While Christian organizations, churches, and ministries have availed themselves of the latest technology to get out the message of the gospel-from cassette tapes and CDs to the internet and radio-the production value of what goes by the name of “Christian filmmaking” and audio and video production have a long way to go if it’s going to be the new Roman road. Providentially, change in this area is happening, albeit slowly. One day there will be a tipping point. American Vision and its ministry partners want to be on the cutting edge and not the bleeding edge.
For some time now I have been working with attorney David Hagopian (the moderator of the Greg Bahnsen-Gordon Stein “Great Debate”) and Director and Filmmaker Darren Doane on an exciting project that we hope will have a huge impact on the debate over the existence of God. American Vision has been earnestly producing materials related to the controversy by publishing a number of highly regarded books and audio and video courses by Greg Bahnsen. While these have had world-wide appeal and impact, we wanted to do something aimed at a broader audience to reach people who would not ordinarily pick up one of our books or CDs. In order to accomplish this, a radical reformatting of the debate process needed to be developed to meet the requirements of today’s new information transportation systems. Instead of a formal debate in a single setting before a limited audience, a fast-paced, three-day series of talks and debates were planned for New York, Washington, D.C., and Philadelphia. On October 29-31, 2008, Douglas Wilson and atheist Christopher Hitchens sparred over the topic of the existence of God. Darren Doane’s film production crew caught it all on tape. If all goes according to plan, the first-rate, professionally done film production will debut in March 2009. You can see a teaser trailer at Vimeo and Youtube. Send the links to your friends.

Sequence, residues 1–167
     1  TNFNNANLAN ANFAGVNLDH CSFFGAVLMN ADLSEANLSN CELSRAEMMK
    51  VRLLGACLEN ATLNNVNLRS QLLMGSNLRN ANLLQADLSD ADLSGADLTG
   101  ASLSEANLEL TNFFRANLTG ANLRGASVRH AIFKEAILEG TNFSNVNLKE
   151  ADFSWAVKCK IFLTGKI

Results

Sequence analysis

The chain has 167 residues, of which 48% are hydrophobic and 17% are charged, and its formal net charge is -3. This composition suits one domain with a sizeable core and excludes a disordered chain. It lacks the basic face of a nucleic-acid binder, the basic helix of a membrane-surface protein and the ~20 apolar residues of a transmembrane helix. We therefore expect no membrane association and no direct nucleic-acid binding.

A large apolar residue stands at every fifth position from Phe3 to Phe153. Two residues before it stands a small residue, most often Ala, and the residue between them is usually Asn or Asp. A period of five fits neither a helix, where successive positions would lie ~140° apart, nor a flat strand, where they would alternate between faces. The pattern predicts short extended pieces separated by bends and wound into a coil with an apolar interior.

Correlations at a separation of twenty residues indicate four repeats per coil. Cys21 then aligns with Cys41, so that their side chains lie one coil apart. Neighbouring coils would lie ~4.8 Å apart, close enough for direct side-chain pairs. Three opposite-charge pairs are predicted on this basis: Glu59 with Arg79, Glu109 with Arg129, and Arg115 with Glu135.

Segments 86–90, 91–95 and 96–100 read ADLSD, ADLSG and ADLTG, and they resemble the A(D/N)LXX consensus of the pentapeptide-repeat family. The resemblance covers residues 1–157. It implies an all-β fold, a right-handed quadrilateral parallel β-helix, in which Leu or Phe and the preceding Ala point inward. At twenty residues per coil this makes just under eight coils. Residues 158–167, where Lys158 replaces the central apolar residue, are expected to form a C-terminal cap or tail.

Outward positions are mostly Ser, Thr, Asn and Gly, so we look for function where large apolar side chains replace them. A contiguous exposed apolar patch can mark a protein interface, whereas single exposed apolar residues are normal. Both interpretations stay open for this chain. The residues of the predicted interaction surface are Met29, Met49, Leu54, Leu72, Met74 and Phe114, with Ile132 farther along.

Douglas Wilson, pastor of Christ Church in Moscow, Idaho, Senior Fellow of New St. Andrews College, and author of several books, including The Deluded Atheist, God Is: How Christianity Explains Everything, and Letter from a Christian Citizen, published by American Vision, squared off in a spiritual and intellectual encounter with one of the most eloquent of the modern proponents of atheism, Christopher Hitchens. Mr. Hitchens is a contributing editor to Vanity Fair magazine, author of the best-selling God Is Not Great: How Religion Poisons Everything, and owns an international reputation for merciless criticism of religion and religious figures. He has exhibited his disregard for all things sacred in his attack on the likes of Mother Teresa as well as a scathing media tirade on the late Rev. Jerry Falwell within a day of his death.